1760   not a <x:ref>Content-Length</x:ref> by responding with
1761   <x:ref>411 (Length Required)</x:ref>.
1762</t>
1763<t>
1764   Unless a transfer-coding other than "chunked" has been applied,
1765   a client that sends a request containing a message body &SHOULD;
1766   use a valid <x:ref>Content-Length</x:ref> header field if the message body
1767   length is known in advance, rather than the "chunked" encoding, since some
1768   existing services respond to "chunked" with a <x:ref>411 (Length Required)</x:ref>
1769   status code even though they understand the chunked encoding.  This
1770   is typically because such services are implemented via a gateway that
1771   requires a content-length in advance of being called and the server
1772   is unable or unwilling to buffer the entire request before processing.
1773</t>
1774<t>
1775   A client that sends a request containing a message body &MUST; include a
1776   valid <x:ref>Content-Length</x:ref> header field if it does not know the
1777   server will handle HTTP/1.1 (or later) requests; such knowledge can be in
1778   the form of specific user configuration or by remembering the version of a
1779   prior received response.
1780</t>
1781</section>
1782</section>
1783
1784<section anchor="incomplete.messages" title="Handling Incomplete Messages">
1785<t>
1786   Request messages that are prematurely terminated, possibly due to a
1787   cancelled connection or a server-imposed time-out exception, &MUST;
1788   result in closure of the connection; sending an HTTP/1.1 error response
1789   prior to closing the connection is &OPTIONAL;.
1790</t>
1791<t>
1792   Response messages that are prematurely terminated, usually by closure
1793   of the connection prior to receiving the expected number of octets or by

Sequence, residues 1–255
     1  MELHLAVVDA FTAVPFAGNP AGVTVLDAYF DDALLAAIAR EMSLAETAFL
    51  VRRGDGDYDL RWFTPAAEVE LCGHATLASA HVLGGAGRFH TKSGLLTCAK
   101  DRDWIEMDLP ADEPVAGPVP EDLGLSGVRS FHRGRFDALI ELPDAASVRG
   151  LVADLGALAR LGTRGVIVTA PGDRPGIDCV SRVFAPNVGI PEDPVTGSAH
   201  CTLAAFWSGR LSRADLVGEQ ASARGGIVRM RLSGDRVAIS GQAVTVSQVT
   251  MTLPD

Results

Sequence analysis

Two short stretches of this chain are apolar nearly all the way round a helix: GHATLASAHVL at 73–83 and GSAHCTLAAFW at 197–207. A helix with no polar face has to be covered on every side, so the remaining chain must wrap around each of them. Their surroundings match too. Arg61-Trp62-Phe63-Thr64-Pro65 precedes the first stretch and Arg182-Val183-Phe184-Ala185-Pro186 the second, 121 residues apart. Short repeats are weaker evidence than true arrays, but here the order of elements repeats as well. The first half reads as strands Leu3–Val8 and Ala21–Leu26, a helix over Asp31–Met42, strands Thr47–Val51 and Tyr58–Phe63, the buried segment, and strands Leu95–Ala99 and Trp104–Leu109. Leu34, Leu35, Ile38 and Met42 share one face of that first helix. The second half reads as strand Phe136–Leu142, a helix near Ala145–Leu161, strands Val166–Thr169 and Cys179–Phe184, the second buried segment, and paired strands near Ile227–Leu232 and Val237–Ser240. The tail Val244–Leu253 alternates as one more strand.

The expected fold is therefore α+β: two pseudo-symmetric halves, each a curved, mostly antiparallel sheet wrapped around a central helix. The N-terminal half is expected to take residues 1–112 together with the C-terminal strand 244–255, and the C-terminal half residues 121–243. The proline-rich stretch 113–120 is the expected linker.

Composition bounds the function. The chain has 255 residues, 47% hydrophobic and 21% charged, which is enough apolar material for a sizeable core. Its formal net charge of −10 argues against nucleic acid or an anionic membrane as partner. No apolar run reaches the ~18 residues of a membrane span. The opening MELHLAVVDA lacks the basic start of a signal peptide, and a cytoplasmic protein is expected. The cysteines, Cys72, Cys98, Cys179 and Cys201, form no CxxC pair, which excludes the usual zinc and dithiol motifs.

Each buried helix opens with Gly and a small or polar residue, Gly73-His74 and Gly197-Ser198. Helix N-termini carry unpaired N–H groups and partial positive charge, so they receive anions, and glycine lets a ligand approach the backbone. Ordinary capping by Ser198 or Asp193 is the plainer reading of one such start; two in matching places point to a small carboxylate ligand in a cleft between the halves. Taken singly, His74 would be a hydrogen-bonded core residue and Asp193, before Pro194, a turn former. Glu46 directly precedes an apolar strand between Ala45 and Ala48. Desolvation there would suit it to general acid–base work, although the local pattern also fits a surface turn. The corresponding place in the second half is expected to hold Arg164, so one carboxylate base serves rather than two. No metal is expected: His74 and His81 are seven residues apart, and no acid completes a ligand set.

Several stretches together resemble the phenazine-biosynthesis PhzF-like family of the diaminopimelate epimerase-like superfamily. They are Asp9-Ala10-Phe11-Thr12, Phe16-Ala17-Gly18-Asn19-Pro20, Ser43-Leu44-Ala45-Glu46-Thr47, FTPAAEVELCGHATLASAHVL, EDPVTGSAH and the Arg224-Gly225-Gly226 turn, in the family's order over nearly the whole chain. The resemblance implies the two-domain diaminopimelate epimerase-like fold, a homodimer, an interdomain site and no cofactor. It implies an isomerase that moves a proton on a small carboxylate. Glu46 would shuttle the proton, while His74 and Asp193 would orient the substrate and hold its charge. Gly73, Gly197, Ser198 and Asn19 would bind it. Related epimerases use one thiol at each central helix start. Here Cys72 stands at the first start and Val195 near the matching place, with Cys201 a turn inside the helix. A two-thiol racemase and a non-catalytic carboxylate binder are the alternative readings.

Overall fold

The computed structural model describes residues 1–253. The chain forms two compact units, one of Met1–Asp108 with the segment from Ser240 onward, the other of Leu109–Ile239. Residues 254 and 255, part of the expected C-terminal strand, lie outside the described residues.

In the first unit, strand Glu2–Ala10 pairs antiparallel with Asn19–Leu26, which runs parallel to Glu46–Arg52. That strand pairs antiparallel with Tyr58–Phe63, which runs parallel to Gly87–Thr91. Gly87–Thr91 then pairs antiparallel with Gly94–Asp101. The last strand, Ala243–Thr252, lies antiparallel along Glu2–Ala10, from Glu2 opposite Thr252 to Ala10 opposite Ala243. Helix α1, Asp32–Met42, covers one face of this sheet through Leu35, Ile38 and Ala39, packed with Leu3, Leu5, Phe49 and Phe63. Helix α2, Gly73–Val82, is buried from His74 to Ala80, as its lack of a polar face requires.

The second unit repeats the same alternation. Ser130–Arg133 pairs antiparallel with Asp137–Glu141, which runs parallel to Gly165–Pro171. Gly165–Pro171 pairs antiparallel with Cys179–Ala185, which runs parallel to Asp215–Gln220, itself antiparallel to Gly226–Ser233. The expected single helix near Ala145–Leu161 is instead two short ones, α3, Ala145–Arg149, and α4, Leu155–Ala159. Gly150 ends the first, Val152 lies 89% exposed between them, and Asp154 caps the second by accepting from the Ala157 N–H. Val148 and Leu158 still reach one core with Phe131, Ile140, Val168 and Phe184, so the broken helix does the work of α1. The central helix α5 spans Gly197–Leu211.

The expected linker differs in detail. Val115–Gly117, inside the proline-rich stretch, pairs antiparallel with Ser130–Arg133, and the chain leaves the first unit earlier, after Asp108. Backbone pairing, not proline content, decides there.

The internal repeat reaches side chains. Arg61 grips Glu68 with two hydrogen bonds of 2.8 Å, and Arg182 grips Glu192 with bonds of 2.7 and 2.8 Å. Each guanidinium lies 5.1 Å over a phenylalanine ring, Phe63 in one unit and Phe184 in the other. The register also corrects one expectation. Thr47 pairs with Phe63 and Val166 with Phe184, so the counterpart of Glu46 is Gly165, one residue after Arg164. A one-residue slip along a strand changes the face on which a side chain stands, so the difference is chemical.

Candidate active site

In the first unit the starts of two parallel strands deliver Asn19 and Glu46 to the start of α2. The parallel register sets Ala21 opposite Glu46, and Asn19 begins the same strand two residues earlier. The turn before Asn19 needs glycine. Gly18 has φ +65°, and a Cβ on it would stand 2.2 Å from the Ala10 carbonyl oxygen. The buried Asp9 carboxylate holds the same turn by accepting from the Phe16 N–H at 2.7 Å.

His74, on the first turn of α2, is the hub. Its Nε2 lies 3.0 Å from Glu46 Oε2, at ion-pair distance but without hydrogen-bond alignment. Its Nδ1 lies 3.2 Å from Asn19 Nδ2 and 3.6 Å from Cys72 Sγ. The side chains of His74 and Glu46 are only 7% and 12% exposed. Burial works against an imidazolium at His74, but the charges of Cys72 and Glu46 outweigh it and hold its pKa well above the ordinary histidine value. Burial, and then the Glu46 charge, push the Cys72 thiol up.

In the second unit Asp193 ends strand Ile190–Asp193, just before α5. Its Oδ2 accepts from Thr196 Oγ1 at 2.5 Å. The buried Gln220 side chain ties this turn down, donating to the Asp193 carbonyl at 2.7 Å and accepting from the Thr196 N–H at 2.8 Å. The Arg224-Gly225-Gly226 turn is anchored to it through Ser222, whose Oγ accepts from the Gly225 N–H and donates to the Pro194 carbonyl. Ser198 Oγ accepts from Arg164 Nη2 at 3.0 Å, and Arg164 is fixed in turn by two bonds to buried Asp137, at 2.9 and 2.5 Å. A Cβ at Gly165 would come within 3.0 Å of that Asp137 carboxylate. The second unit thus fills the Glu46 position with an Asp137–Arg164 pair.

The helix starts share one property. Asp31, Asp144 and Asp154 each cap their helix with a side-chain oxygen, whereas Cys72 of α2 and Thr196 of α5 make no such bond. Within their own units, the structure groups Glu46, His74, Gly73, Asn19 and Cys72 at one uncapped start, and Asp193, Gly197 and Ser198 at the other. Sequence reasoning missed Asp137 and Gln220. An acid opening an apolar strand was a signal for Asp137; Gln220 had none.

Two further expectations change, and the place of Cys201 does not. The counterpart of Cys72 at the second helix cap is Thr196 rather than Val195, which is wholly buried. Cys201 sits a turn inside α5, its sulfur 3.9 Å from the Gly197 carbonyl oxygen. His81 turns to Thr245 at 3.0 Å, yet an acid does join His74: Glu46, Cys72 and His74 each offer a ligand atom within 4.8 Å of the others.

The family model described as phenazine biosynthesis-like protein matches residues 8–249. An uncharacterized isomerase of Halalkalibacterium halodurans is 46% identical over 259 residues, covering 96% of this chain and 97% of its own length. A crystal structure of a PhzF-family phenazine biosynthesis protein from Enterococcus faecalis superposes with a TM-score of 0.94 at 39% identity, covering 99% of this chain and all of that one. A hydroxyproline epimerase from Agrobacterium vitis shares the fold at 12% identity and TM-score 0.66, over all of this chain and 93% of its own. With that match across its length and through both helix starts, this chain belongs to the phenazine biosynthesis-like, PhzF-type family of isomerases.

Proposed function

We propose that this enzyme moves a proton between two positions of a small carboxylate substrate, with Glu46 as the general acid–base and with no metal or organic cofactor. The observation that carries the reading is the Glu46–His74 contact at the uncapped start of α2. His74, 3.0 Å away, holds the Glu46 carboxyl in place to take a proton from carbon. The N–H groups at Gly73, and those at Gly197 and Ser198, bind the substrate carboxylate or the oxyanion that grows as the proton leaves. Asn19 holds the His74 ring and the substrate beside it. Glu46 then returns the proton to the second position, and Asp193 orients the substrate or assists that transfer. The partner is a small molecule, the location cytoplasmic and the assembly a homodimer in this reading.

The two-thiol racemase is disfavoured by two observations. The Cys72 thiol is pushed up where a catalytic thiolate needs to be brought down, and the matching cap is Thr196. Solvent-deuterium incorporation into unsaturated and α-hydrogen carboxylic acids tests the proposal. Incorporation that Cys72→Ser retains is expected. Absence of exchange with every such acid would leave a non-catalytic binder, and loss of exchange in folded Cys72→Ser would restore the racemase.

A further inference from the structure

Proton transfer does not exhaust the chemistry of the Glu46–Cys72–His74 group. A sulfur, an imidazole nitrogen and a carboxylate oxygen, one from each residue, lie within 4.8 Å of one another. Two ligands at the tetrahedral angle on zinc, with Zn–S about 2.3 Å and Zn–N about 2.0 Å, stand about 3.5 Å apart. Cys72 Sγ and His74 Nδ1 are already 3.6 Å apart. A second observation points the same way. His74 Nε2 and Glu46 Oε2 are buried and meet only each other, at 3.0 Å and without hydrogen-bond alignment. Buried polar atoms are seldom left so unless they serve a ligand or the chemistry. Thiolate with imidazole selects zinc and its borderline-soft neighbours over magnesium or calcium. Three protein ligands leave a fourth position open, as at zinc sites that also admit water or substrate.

1794   failure to decode a transfer-encoded message body, &MUST; be recorded
1795   as incomplete.  A response that terminates in the middle of the header
1796   block (before the empty line is received) cannot be assumed to convey the
1797   full semantics of the response and &MUST; be treated as an error.
1798</t>
1799<t>
1800   A message body that uses the chunked transfer encoding is
1801   incomplete if the zero-sized chunk that terminates the encoding has not
1802   been received.  A message that uses a valid <x:ref>Content-Length</x:ref> is
1803   incomplete if the size of the message body received (in octets) is less than
1804   the value given by Content-Length.  A response that has neither chunked
1805   transfer encoding nor Content-Length is terminated by closure of the
1806   connection, and thus is considered complete regardless of the number of
1807   message body octets received, provided that the header block was received
1808   intact.
1809</t>
1810<t>
1811   A user agent &MUST-NOT; render an incomplete response message body as if
1812   it were complete (i.e., some indication needs to be given to the user that an
1813   error occurred).  Cache requirements for incomplete responses are defined
1814   in &cache-incomplete;.
1815</t>
1816<t>
1817   A server &MUST; read the entire request message body or close
1818   the connection after sending its response, since otherwise the
1819   remaining data on a persistent connection would be misinterpreted
1820   as the next request.  Likewise,
1821   a client &MUST; read the entire response message body if it intends
1822   to reuse the same connection for a subsequent request.  Pipelining
1823   multiple requests on a connection is described in <xref target="pipelining"/>.
1824</t>
1825</section>
1826
1827<section title="Message Parsing Robustness" anchor="message.robustness">
1828<t>
1829   Older HTTP/1.0 client implementations might send an extra CRLF
1830   after a POST request as a lame workaround for some early server
1831   applications that failed to read message body content that was
1832   not terminated by a line-ending. An HTTP/1.1 client &MUST-NOT;
1833   preface or follow a request with an extra CRLF.  If terminating
1834   the request message body with a line-ending is desired, then the
1835   client &MUST; include the terminating CRLF octets as part of the
1836   message body length.
1837</t>
1838<t>
1839   In the interest of robustness, servers &SHOULD; ignore at least one
1840   empty line received where a request-line is expected. In other words, if
1841   the server is reading the protocol stream at the beginning of a